Jan. 27, 2021
For Immediate Release
WATERLOO – The federal government has awarded nearly $100,000 in research funding to four Wilfrid Laurier University faculty members who are tackling issues related to the COVID-19 pandemic. Kathleen Clarke, Ardavan Eizadirad, Jenna Hennebry and Yan (Wendy) Wu each received Partnership Engage Grants in the Social Sciences and Humanities Research Council’s (SSHRC) COVID-19 Special Initiative competition, specifically designed to support research collaborations with government, industry and not-for-profit organizations.
"Though much attention is rightly paid to the contributions of natural scientists during a pandemic, the social sciences and humanities have equally important contributions to make to complete our understanding of the disease, its impacts on humanity, and the development of mitigation and adaptation strategies,” said Jonathan Newman, vice-president: research at Laurier. “Thanks to this generous funding from SSHRC, Laurier researchers will collaborate to improve virtual learning outcomes for students, the safety of migrant agricultural workers and Canada’s economic recovery.”
Clarke, an assistant professor in the Faculty of Education, is partnering with the National Educational Association of Disabled Students (NEADS) to examine the virtual-learning experiences of graduate students with disabilities. Given that experts have raised concerns about the negative impacts of remote learning on accessibility and the ability to provide appropriate learning accommodations, Clarke’s research team aims to identify potential barriers to accommodation and champion innovative best practices that have emerged throughout the pandemic.
NEADS is a charitable organization that supports education and employment needs for disabled postsecondary students across Canada. Its representatives have disabilities themselves and can therefore provide intellectual leadership based on their lived experiences.
Eizadirad, an assistant professor in the Faculty of Education, is addressing the widening achievement gap faced by students in racialized and under-resourced communities as a result of COVID-19. Together with the Youth Association for Academics, Athletics and Character Education (YAAACE), a not-for-profit community organization that engages Toronto children and youth in culturally relevant extracurricular programming, Eizadirad will study how to support the remote-learning needs of students in Toronto’s Jane and Finch neighbourhood.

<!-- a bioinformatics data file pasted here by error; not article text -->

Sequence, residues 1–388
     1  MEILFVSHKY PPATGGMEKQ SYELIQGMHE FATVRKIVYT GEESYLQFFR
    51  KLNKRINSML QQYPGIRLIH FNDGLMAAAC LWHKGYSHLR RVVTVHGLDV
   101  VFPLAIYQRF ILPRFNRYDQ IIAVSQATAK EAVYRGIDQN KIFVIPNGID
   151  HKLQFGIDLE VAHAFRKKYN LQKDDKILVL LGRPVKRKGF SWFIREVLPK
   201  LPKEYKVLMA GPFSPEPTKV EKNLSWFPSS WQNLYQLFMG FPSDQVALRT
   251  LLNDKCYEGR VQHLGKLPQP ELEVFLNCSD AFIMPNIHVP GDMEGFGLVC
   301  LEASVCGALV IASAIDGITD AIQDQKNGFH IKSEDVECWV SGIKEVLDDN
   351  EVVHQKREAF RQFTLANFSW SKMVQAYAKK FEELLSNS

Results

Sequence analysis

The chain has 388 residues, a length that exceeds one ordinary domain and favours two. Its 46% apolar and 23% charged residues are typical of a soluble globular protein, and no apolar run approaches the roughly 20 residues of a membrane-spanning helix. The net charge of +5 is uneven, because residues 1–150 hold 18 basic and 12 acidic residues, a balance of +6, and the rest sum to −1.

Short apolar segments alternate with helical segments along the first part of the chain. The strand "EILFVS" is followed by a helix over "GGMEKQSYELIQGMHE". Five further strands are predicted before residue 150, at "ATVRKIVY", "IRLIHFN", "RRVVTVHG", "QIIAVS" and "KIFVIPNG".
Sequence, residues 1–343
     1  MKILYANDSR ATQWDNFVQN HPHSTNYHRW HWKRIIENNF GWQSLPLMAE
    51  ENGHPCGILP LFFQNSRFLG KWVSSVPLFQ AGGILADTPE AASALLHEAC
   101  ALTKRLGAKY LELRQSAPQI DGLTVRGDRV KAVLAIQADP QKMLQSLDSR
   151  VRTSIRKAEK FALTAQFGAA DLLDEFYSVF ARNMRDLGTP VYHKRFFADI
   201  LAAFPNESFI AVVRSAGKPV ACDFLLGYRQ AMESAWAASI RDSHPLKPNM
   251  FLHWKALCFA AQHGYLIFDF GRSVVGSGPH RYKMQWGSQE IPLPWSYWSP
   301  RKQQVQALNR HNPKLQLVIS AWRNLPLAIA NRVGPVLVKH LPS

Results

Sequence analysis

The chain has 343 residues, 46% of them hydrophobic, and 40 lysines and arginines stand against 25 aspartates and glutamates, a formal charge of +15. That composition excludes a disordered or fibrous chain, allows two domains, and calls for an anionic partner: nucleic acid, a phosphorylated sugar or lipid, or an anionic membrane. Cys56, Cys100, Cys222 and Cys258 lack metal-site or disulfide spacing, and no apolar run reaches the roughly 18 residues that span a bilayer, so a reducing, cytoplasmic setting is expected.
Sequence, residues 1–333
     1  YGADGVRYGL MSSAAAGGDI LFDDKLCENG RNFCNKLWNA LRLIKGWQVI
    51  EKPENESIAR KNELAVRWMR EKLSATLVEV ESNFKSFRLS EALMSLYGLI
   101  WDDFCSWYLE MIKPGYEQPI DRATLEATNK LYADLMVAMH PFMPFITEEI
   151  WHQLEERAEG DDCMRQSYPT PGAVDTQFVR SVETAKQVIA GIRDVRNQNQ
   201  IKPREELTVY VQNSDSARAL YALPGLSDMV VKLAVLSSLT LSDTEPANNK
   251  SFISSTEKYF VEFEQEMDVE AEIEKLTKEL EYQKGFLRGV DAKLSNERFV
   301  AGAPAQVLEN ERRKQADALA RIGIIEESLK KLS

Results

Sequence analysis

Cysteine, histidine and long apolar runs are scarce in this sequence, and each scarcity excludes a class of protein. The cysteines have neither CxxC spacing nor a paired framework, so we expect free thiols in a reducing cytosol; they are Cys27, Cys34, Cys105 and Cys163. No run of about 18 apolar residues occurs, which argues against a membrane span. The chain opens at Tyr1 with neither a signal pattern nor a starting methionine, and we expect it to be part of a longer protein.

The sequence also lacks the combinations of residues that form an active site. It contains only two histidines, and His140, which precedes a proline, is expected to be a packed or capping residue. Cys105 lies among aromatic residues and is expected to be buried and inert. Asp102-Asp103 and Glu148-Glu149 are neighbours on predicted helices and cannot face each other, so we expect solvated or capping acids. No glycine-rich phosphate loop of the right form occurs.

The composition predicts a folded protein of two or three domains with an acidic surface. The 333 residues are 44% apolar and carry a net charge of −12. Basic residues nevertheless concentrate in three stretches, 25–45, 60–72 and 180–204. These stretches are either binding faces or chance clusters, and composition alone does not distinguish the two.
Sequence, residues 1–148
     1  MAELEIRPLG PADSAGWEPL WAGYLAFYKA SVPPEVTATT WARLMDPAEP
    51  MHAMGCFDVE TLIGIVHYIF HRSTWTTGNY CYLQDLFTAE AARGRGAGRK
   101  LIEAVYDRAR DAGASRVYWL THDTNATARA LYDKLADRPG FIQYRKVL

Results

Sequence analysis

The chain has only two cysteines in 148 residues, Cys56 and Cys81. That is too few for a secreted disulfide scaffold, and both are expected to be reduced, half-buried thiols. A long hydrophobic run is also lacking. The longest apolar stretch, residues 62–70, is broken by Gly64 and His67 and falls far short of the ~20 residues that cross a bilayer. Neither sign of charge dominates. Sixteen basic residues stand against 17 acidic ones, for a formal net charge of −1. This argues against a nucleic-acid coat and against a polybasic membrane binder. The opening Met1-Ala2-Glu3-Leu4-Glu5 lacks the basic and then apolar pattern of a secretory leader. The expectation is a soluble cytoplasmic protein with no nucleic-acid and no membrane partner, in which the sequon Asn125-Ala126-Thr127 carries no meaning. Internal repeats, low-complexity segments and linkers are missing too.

Since the pandemic began, YAAACE has struggled to translate its supplemental education programs to a virtual context and has seen participation dramatically decrease. By identifying specific barriers to access and engagement, Eizadirad’s research team hopes to make YAAACE’s programming more effective and responsive to the needs of its community.
In March 2020, Hennebry, an associate professor of Communication Studies and co-founder of Laurier’s International Migration Research Centre, led the formation of the Migrant Worker Health Expert Working Group, a consortium of academics and medical experts from across Canada. The group has been advocating for the safety of migrant agricultural workers, who are at increased risk of contracting COVID-19, and is now partnering with the not-for-profit Occupational Health Clinics for Ontario Workers to survey migrant workers about their experiences.
The Migrant Agricultural Worker Pandemic Survey will ask Ontario workers about workplace health and safety measures, their response to public health messaging, and access to supports and insurance. Hennebry and her partners want to prioritize the direct participation of workers themselves as they engage in policy discussions about the systemic inequalities exacerbated by the pandemic.
Finally, Wu, an associate professor in Laurier’s Department of Economics, will partner with the C.D. Howe Institute on a study titled “Policy responses to the safe asset shortage in the wake of COVID-19.” Safe assets are those whose value does not fluctuate much between good times and bad, such as government debt. The financial market disruption caused by COVID-19 in March 2020 demonstrated how the fundamental demand for safety contributes to aggregate risk in the financial system.
Wu will collect data on the supply and demand of safe assets in Canada, assess how the safe asset shortage is impacted by government debt, demographic factors and financial regulations, and propose appropriate policy responses. C.D. Howe, a leading think tank for public policy, will help disseminate the findings to key stakeholders at the Bank of Canada, regulators and the public. Wu hopes her research will spur the appropriate mix of public and private investment in the recovery phase of the COVID-19 pandemic.
Laurier researchers were similarly successful in the first phase of SSHRC’s COVID-19 Special Initiative competition last fall, receiving funding to study the impacts of COVID-19 on long-term care workers, women law enforcement officers and public health experts.
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